For all intents and purposes United States Secretary of State Condoleeza Rice told Israel to DROP DEAD today, by declaring that the US saw no difference between East Jerusalem and the rest of Judea and Samaria. Not only did that declaration throw out 2000+ years of Jewish history, but it ignored Israeli and US Law as well as President Bush’s letter to Ariel Sharon in April of 2004 saying that Israel should not have to return all of the disputed territory.
US Secretary of State Condoleezza Rice told The Jerusalem Post on Monday that the US does not consider it legitimate for Israel to build homes in some neighborhoods of the capital which are located beyond the Green Line. In a conversation held in the ornate antechamber of her office, she went further than US officials have previously gone toward clarifying her government’s position on the matter. Her remarks set the stage for a confrontation over the issue when Rice and US President George W. Bush visit Israel this week and try to move the peace process forward.
It was another slap in the face from the Secretary of State to Israel and the Jewish people who has previously identified terrorists as like the Civil Rights movement in the 1960’s and terrorist President Abbas as like Martin Luther King Jr.
Israel, which annexed east Jerusalem after the 1967 war, does not equate the capital’s Jewish neighborhoods over the Green Line with the settlements located in the West Bank. As such, it does not believe that construction there is bound by its obligation under the road map peace plan, which calls for a freeze of all settlement activity. But Rice on Monday clarified that the US believes that portions of east Jerusalem are considered to be “settlements” and that Israel must stop building there as part of its commitment to implement the first phase of the road map. Rice said “the United States doesn’t make a distinction” between settlement activity in east Jerusalem and the West Bank and that the road map obligations are on “settlement activity generally.” Rice referred specifically to Jerusalem’s Har Homa enclave as one such proscribed neighborhood. “Har Homa is a settlement the United States has opposed from the very beginning,” she said in response to a question from the Post.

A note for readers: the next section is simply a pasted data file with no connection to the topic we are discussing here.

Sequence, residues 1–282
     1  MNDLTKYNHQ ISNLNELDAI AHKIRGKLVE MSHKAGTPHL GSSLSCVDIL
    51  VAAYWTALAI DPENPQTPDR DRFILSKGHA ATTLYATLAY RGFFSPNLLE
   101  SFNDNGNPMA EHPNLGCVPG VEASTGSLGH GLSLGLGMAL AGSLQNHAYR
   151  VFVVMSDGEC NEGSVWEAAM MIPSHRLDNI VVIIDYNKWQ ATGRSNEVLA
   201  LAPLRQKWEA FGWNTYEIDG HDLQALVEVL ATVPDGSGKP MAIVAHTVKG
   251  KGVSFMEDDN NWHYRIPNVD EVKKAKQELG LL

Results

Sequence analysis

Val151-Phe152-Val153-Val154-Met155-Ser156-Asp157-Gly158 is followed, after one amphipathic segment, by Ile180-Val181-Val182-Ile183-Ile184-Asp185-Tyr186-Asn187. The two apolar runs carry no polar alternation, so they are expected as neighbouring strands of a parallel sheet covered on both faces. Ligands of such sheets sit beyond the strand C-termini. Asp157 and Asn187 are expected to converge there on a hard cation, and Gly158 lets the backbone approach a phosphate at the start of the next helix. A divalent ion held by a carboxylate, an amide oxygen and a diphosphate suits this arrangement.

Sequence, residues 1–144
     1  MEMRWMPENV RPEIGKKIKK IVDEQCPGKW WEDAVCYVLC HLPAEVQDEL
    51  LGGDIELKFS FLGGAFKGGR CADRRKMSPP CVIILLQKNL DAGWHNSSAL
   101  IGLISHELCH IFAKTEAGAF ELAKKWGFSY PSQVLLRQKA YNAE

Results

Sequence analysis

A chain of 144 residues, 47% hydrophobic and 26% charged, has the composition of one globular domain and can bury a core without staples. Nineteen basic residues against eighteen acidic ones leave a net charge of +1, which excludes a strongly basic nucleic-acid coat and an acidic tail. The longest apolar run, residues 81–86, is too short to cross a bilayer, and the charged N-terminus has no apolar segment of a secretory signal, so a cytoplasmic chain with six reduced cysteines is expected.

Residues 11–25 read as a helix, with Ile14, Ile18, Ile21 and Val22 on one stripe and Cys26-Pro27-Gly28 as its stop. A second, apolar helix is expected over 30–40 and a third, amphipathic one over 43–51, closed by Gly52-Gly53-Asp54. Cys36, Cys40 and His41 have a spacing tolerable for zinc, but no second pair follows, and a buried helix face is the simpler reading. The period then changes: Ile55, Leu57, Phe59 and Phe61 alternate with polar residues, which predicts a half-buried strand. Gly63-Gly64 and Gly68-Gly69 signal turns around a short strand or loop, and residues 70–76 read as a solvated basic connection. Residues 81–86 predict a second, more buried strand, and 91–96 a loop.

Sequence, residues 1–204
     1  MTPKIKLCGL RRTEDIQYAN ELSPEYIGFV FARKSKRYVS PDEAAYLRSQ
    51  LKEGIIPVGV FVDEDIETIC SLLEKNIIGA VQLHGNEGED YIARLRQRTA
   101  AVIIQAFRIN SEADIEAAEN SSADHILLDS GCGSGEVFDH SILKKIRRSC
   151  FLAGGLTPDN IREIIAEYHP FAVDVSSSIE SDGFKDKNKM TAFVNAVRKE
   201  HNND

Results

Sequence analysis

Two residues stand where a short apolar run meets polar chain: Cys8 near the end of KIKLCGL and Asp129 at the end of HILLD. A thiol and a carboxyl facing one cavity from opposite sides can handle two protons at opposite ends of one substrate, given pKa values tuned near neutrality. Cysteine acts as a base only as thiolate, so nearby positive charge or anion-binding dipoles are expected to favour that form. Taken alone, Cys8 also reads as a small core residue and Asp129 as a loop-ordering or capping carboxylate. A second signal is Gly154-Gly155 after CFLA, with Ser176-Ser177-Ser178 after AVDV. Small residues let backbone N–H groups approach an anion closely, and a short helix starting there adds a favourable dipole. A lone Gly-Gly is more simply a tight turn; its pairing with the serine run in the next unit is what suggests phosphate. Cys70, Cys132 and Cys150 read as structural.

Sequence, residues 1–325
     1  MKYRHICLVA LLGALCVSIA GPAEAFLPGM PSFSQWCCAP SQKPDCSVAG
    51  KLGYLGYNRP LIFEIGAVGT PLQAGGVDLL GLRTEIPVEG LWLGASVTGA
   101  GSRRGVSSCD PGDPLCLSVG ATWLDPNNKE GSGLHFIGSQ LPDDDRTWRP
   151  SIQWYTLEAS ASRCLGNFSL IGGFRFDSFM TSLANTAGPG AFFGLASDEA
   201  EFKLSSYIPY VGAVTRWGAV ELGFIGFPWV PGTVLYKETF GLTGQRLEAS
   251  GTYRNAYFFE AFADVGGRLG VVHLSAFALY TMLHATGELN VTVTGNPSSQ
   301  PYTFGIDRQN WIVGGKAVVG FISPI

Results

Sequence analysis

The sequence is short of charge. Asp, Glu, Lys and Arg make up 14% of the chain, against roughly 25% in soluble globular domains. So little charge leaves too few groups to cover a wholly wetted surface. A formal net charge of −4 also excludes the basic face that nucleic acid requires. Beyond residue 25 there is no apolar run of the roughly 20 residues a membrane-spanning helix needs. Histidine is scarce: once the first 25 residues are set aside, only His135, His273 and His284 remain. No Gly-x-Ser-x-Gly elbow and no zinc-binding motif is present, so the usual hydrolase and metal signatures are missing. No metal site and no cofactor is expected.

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You may have opposed it, but not the US. Twice during the Clinton administration there were UN Security Council resolutions admonishing Israel for the the Har Homa settlement. Each time the US vetoed that resolution.
When asked, she didn’t, however, clarify whether other Jerusalem neighborhoods over the Green Line, such as Gilo and Ramot, were also settlements in the eyes of the United States. “The important point here is that we need to have an agreement so that we can stop having this discussion about what belongs to Israel and what doesn’t,” she said in response. Her answer points to the longtime ambiguity in the US position towards construction in these neighborhoods, which is opposed by the Palestinians and many European countries. Traditionally the United States refrains from describing Jerusalem neighborhoods as “settlements,” but the Bush administration has been particularly critical of recently announced building tenders in Har Homa…. ……Olmert spoke of Jewish neighborhoods in east Jerusalem, including the West Bank suburb of Ma’aleh Adumim, as integral parts of the city. “Ma’aleh Adumim is an indivisible part of Jerusalem and the State of Israel. I don’t think when people are talking about settlements they are talking about Ma’aleh Adumim.” That position now clearly puts him at odds with the United States’ understanding of Israel’s road map obligations. The US has said that it will be monitoring both sides’ adherence to the road map as a part of the new negotiations, though the mechanism to do so has yet to be put in place.